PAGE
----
My ’91 Mini does 48mpg on a long run. People are astounded.

      I could buy a new one and squeeze a few more out of it, but how would that make sense environmentally or financially (for me)?

      • I’ll go along with that. It makes my head shake until it’s close to falling off that I have to pay £240 plus to tax my Tomcat on the basis of “it’s old and therefore polluting” when new cars have either nil or next to nil tax on them and lets face it, would you still want their exhaust emissions piped directly into your lungs? As for electric/ hybrid cars , As Richard says until we are all driving electric cars made from recycled paper mache and the worlds electricity is solar sourced all we are doing is moving the poluution source from the exhaust pipe to the power station. Also lets assume that an alternative fuel is found and demand for petrol and diesel tails off , be prepared to watch other taxes climb rapidly. Same with people that smoke. Personally not my thing but if it was outlawed (and lets face it if it’s as bad for you as the do gooders would have us all believe then it should be) I’m sure we would have scenes similar to the Poll Tax Riots because of the massive taxation increase in other areas.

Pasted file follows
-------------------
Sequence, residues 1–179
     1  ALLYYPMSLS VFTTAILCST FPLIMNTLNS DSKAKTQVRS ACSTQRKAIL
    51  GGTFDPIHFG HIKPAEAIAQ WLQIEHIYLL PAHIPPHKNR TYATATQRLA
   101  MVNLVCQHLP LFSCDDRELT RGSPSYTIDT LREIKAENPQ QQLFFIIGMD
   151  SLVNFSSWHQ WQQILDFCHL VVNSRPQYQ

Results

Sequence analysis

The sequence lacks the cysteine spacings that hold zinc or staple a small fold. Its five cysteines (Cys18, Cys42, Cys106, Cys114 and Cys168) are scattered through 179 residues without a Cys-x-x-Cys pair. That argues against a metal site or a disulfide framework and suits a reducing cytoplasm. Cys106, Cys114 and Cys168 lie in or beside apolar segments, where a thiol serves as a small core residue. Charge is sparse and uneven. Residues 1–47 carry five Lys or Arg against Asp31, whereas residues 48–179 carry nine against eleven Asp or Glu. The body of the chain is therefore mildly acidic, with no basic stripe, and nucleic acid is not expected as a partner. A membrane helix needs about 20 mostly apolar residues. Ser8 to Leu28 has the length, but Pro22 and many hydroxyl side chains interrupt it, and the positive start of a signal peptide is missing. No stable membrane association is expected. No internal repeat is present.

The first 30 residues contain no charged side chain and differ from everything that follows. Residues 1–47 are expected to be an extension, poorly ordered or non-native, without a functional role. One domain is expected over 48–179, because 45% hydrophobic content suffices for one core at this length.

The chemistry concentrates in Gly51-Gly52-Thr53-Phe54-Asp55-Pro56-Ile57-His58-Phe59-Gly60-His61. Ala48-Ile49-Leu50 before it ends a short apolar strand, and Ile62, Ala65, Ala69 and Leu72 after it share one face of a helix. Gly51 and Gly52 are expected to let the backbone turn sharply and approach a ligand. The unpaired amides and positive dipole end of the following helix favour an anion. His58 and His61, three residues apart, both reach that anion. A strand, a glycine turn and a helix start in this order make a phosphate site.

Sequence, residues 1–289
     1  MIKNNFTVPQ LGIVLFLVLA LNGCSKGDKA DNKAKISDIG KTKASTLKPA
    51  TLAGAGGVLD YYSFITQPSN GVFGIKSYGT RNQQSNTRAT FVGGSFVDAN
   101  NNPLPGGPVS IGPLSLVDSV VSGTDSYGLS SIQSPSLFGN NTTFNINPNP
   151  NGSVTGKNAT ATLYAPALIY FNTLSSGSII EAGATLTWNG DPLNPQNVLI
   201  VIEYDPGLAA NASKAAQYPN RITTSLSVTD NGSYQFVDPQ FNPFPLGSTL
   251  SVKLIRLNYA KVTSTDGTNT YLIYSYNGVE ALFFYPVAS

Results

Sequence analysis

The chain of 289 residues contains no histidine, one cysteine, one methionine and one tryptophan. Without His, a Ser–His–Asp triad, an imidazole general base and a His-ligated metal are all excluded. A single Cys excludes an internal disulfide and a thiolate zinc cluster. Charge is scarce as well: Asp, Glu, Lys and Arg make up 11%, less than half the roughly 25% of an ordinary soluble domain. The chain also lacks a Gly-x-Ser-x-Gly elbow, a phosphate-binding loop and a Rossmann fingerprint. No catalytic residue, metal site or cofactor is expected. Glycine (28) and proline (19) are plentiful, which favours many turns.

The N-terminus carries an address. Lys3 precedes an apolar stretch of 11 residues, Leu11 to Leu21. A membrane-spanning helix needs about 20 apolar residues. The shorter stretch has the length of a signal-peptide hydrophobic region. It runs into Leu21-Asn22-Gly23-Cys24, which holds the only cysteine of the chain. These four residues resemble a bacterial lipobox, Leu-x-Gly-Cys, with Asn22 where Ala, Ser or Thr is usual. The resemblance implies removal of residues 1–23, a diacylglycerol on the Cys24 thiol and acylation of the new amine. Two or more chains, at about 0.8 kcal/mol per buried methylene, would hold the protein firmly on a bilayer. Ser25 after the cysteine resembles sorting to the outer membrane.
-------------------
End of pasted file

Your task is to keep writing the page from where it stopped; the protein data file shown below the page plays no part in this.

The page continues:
• As long as they don’t give us a blanket ban on classic car use then I’ll be happy. I don’t even mind if they limit use in cities like London to a few days per year for special events. Just not a total ban please!.

          Use of historics should be encouraged! After all it’s a hobby which is excellent for business as well as a source of pleasure and even education, culture etc. The environmental impact is negligible as already discussed above.